Thursday March 17th


Futures hold lower amid data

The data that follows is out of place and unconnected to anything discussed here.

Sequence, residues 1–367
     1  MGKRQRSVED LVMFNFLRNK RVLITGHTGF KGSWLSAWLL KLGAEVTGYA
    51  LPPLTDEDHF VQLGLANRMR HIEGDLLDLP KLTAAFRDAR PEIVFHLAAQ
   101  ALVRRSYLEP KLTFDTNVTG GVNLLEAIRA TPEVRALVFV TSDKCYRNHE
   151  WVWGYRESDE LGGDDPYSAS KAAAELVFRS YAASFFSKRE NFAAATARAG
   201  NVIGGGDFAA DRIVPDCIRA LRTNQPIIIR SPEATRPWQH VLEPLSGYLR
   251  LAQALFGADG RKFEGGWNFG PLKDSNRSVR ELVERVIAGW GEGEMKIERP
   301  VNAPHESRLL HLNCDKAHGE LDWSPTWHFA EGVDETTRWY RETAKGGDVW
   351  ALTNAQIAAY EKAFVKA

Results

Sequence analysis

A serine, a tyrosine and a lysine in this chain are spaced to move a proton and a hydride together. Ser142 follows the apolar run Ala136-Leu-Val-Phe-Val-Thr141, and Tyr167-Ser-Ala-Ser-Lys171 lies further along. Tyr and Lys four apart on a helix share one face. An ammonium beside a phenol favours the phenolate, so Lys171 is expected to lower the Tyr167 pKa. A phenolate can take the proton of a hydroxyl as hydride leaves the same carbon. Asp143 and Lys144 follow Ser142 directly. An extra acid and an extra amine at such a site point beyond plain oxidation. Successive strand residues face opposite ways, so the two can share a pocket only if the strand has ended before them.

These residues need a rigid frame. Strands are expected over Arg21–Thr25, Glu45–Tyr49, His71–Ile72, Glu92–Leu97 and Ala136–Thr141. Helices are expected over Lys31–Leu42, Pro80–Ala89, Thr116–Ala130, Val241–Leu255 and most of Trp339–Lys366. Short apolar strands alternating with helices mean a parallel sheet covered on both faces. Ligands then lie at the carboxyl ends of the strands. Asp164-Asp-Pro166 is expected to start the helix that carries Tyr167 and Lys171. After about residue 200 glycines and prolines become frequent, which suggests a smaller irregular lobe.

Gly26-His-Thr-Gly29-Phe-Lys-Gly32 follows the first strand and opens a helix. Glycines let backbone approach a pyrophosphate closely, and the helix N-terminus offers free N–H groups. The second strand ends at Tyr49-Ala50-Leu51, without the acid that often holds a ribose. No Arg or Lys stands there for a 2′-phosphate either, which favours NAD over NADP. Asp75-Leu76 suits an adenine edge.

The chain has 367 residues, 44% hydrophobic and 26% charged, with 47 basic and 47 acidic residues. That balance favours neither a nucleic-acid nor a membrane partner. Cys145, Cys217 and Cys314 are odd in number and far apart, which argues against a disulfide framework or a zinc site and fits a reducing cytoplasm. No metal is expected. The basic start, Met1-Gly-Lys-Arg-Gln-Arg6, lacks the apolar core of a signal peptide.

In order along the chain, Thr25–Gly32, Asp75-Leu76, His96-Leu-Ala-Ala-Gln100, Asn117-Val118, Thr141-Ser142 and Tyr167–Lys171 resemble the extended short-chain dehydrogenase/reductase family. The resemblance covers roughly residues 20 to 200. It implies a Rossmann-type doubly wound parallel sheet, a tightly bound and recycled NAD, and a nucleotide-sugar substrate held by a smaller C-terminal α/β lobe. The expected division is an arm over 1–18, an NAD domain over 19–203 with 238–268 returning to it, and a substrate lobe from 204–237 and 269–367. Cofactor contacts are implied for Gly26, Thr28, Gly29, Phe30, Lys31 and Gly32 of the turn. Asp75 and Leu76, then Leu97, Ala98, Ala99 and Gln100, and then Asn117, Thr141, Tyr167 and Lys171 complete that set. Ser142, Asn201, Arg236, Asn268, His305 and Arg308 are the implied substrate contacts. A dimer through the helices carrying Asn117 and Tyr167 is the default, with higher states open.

U.S. stock index futures indicated a lower open on Thursday as traders eyed the release of several pieces of data and continued digesting the Federal Reserve's decision. The Fed kept rates unchanged and lowered its projection of four hikes this year down to two. Weekly jobless claims came in at 265,000. The March Philly Fed index was 12.4 versus minus 2.8 for February. Fourth-quarter current account data showed a deficit of $125.3 billion. The U.S. dollar index held lower but off session lows, with the euro just below $1.13 and the yen at 111.82 yen against the greenback. Treasury yields held lower, with the 10-year yield at 1.88 percent. The 2-year Treasury yield briefly turned higher, trading near 0.86 percent as of 8:34 a.m. ET. Gold extended sharp gains seen in Wednesday's post-settle electronic trade, up $37 at $1,267.10 an ounce in morning trade ET. Leading indicators and January's Job Openings and Labor Turnover Survey for are set to be released at 10:00 a.m. Expected earnings Thursday include Lands' End and Adobe Systems. Most Asian markets advanced Thursday as investors cheered clarity from the U.S. Federal Reserve and a rise in oil prices, but Japan shares lost ground as the yen strengthened. Japan's Nikkei 225 index closed down 0.22 percent, or 38.07 points, at 16,936.38, extending its fall over the previous two sessions, as the yen strengthened against the dollar and Japan's February exports fell. Chinese markets traded higher; with the Shanghai composite closed up 1.22 percent, or 35.113 points, to 2,905.543 and the Shenzhen composite rose 3.562 percent, or 60.965 points, to 1,772.43. Oil rose towards $41 a barrel on Thursday, trading close to a 2016 high, bolstered by a plan among some of the world's biggest producers to meet next month to discuss supporting the market. OPEC and non-OPEC producers including the top two exporters, Saudi Arabia and Russia, will hold talks on April 17 in Qatar over a plan to freeze output, increasing the likelihood of the first global supply deal in 15 years. Brent crude was up 30 cents at $40.63 a barrel. It has rallied over 50 percent from a 12-year low of $27.10 in January and reached a 2016 peak of $41.48 on March 8. U.S. crude was up 40 cents at $38.86 a barrel.